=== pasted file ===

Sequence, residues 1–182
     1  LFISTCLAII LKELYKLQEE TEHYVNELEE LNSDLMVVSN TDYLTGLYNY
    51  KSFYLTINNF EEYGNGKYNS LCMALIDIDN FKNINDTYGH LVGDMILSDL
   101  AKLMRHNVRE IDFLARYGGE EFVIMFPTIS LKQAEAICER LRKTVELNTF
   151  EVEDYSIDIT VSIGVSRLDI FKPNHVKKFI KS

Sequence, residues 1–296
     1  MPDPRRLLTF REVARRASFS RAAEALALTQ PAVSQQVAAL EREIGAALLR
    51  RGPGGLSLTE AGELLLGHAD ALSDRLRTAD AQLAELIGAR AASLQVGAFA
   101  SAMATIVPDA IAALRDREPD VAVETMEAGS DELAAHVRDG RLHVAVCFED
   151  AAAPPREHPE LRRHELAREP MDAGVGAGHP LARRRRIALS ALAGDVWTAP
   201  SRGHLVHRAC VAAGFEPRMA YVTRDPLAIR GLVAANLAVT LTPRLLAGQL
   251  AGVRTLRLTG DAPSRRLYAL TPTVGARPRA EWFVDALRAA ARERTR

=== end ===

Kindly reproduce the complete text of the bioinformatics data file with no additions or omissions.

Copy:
Sequence, residues 1–182
     1  LFISTCLAII LKELYKLQEE TEHYVNELEE LNSDLMVVSN TDYLTGLYNY
    51  KSFYLTINNF EEYGNGKYNS LCMALIDIDN FKNINDTYGH LVGDMILSDL
   101  AKLMRHNVRE IDFLARYGGE EFVIMFPTIS LKQAEAICER LRKTVELNTF
   151  EVEDYSIDIT VSIGVSRLDI FKPNHVKKFI KS

Sequence, residues 1–296
     1  MPDPRRLLTF REVARRASFS RAAEALALTQ PAVSQQVAAL EREIGAALLR
    51  RGPGGLSLTE AGELLLGHAD ALSDRLRTAD AQLAELIGAR AASLQVGAFA
   101  SAMATIVPDA IAALRDREPD VAVETMEAGS DELAAHVRDG RLHVAVCFED
   151  AAAPPREHPE LRRHELAREP MDAGVGAGHP LARRRRIALS ALAGDVWTAP
   201  SRGHLVHRAC VAAGFEPRMA YVTRDPLAIR GLVAANLAVT LTPRLLAGQL
   251  AGVRTLRLTG DAPSRRLYAL TPTVGARPRA EWFVDALRAA ARERTR